|Project Leader: Marcin Kałek, PhD, DSc||Project period: 2021 - 2025|
|Project funding: OPUS 19, NCN|
Chemistry deals with the properties of substances and the transformations of one substances into others, that is, the chemical reactions. One of the principal tasks of chemical research is to discover and design ways of converting substances easily obtainable from abundant sources, such as oil, minerals, and biomass, into useful compounds, characterized with desired properties. Usually, this cannot be achieved with a single chemical reaction, instead, a series of reactions, gradually changing a raw material into the target substance are carried out, in a process called chemical synthesis. The products of chemical synthesis range from simple ones, such as fertilizers, dyes, fuels, to the most sophisticated – advanced materials and pharmaceuticals. The job of chemists is to improve the existing and to develop novel methods for carrying out the synthesis in a possibly efficient and environmentally benign manner. The latter issue is of a special importance, since the level of sustainability of the current chemical processes is far from satisfactory. An important mean of improving the sustainability of chemical synthesis is the introduction of new reactions that lead to a large increase in the molecular complexity, so that the synthetic sequences can be shorter and, thus, more efficient.
Chemical reactions, i.e. the transformations of matter, are always associated with a concurrent flow of energy. Some of them, such as combustion, release the energy contained in the starting materials, converting them into lower-energy species. Other, conversely, require the supply of energy to progress. In general terms, the reactions that create complexity, for instance, assembling a larger and more complicated molecule out of simpler ones, will usually need the energy to be provided. Most of the synthetic reactions fall into this category. A traditional approach to carry out such reactions is to couple them with other chemical transformations that are downhill in energy. In other words, the general scheme of many synthetic reactions is following: substrates + high-energy compound → product + low-energy compound. This is far from optimal, since, first, the ‘high energy compound’ has to be produced, which costs energy and resources, and, second, the ‘low-energy compound’ constitutes waste side-product, often a toxic chemical, which has to be taken care of.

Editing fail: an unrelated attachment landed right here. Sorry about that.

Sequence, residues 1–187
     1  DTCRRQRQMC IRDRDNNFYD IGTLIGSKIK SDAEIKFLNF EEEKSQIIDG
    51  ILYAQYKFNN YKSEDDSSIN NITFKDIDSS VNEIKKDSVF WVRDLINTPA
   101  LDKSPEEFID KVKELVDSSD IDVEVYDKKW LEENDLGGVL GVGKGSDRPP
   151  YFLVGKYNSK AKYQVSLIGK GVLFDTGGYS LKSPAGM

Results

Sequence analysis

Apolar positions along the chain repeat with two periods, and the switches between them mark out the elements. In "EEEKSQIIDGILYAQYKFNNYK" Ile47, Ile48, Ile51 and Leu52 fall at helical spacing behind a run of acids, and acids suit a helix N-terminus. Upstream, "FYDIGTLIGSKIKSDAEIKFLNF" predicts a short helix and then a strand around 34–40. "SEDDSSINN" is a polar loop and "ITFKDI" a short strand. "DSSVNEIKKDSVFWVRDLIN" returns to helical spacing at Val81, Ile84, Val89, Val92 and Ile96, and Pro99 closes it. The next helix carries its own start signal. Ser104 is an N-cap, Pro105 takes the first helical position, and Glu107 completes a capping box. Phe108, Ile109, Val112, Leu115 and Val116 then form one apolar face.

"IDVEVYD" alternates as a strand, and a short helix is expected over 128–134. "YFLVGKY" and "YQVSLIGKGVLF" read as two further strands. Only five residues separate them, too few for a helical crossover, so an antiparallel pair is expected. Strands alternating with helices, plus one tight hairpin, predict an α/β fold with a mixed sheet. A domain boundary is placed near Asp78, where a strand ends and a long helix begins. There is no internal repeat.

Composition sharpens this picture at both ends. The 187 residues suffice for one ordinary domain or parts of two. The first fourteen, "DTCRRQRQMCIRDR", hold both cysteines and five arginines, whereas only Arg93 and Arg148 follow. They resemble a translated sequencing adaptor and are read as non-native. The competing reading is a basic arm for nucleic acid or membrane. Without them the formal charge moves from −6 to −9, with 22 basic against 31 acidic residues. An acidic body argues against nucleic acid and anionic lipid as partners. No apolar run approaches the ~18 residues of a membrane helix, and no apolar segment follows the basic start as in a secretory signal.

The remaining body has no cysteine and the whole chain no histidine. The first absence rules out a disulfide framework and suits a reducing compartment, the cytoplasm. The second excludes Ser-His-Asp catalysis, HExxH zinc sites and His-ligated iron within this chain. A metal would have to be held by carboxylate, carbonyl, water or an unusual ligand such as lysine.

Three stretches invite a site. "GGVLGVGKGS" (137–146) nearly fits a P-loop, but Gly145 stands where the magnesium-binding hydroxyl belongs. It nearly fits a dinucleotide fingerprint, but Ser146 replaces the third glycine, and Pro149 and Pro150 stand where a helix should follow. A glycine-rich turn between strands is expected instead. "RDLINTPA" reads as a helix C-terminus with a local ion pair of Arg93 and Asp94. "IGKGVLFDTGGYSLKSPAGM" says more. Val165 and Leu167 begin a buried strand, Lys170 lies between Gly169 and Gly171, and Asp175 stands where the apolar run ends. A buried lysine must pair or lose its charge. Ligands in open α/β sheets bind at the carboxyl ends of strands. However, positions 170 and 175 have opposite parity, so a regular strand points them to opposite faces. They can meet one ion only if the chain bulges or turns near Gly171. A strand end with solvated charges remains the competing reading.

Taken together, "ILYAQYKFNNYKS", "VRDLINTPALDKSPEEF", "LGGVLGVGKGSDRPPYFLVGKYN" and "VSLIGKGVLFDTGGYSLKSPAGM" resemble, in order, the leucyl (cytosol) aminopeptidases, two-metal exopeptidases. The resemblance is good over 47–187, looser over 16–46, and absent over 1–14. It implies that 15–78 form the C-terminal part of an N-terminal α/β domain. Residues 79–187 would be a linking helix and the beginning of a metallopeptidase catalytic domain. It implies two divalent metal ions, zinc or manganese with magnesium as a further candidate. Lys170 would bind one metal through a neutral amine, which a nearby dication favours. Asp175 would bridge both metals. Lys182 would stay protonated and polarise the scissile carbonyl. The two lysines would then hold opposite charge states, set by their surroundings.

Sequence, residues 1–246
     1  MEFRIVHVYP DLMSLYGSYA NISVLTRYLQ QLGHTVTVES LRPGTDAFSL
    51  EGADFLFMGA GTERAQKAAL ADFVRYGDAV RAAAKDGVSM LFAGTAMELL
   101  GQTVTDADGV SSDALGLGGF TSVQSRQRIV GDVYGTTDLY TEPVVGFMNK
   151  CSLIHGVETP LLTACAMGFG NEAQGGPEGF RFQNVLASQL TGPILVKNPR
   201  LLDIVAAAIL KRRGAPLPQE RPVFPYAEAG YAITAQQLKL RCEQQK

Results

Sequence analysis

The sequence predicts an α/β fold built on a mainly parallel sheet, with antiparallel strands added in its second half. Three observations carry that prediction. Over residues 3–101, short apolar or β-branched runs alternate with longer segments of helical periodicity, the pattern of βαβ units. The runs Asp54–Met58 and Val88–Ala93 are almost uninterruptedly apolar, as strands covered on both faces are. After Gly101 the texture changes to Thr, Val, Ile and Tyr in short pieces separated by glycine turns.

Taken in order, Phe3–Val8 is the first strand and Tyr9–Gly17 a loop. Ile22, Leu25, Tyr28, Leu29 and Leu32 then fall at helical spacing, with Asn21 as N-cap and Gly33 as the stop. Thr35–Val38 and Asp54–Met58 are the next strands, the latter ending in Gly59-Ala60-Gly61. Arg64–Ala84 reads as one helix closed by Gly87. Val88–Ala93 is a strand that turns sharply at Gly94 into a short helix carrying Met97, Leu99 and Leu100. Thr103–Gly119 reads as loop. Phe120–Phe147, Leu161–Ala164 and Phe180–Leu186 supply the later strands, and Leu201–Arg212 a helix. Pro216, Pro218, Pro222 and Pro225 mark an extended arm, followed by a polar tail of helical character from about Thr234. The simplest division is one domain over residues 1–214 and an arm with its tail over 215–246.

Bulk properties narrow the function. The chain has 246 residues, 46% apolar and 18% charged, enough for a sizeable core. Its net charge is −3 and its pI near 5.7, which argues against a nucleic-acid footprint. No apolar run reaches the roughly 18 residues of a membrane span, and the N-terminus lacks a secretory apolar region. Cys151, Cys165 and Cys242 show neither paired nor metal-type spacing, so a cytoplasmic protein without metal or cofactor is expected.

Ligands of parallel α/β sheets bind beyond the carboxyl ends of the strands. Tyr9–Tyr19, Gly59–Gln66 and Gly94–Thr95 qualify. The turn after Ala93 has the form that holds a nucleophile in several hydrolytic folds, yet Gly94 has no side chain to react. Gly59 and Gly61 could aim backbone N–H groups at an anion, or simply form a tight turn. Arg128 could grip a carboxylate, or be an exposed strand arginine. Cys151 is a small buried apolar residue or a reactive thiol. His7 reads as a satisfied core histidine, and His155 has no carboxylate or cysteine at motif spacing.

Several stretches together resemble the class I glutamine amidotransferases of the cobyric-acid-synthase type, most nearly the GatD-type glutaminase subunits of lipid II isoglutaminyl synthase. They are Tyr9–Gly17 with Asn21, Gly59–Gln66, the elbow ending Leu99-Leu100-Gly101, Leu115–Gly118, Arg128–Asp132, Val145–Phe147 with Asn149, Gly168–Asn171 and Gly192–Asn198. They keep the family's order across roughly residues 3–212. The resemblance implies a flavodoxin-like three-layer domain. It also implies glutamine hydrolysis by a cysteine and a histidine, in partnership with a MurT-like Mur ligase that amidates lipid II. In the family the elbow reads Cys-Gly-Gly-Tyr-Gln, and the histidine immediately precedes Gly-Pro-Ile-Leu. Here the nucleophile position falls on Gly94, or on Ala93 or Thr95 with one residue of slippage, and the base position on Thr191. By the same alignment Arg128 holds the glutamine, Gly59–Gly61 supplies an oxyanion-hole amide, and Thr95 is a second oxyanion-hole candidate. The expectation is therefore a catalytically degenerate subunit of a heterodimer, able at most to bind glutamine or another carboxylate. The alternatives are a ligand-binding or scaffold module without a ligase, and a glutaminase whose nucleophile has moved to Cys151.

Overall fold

This research project at its core addresses the issue of the sustainability of chemical synthesis, by employing electric power to drive uphill chemical reactions, instead of using auxiliary high-energy chemicals. This way, it will allow for the elimination of both the need for extra reagents and the generation of attendant waste streams. The electricity has been for long time used for stimulating simple chemical processes, for instance, the splitting of water into hydrogen and oxygen. However, its application in more complex reactions, in particular these involving organic compounds, has been challenged by the sluggish electron transfer rates for many organic molecules and the need to couple the single-electron events that are typical of electrochemistry with the multielectron events required for bond-breaking and -making in organic reactions. In recent years, so-called electrocatalysis has emerged as an effective mean to solve above problems. It employs special compounds (i.e., electrocatalysts) added in small quantity, which convey applied potential from the electrode to the reaction medium, intermediating the energy transfer.
In this project, it is envisioned to use electrocatalysis to effect highly powerful synthetic reactions, that is, ones resulting in a large increase of the molecular complexity. In particular, it is planned to employ compounds called iodoarenes as the electrocatalysts. These species have been used in many valuable synthetic reactions, however, requiring stoichiometric terminal oxidant (i.e., the ‘high-energy compound’) to generate the active form of the iodoarene catalyst. Due to related economic and environmental concerns, it has effectively prevented the widespread application of such reactions, especially on a large scale. The application of electrochemical stimuli to activate iodoarenes will radically, yet elegantly, tackle above issues, removing the burden to translate this chemistry into industrial and semi-industrial setups. Importantly, iodoarenes are non-toxic and environmentally benign, which constitutes a huge advantage, especially in the context of the synthesis of therapeutics.
A highly novel and original aspect of the project is the planned use of chiral iodoarenes to promote asymmetric reactions under electrochemical conditions, which has never been attempted before. The majority of complex compounds may exists as two mirror images (so-called enantiomers). Due to the chirality (‘handedness’) of the molecules of life (peptides, DNA/RNA, carbohydrates, etc.), the opposite enantiomers of a single substance often display quite different biological activities. This results in a need to selectively generate compounds, especially pharmaceuticals, in an enantiopure form. By employing chiral iodoarene electrocatalysts, the developed reactions will not only allow to construct complex organic molecules in a sustainable fashion, but they will also generate predominantly only one of the two enantiomers of the product.
Laboratory of Chemical Synthesis Methodology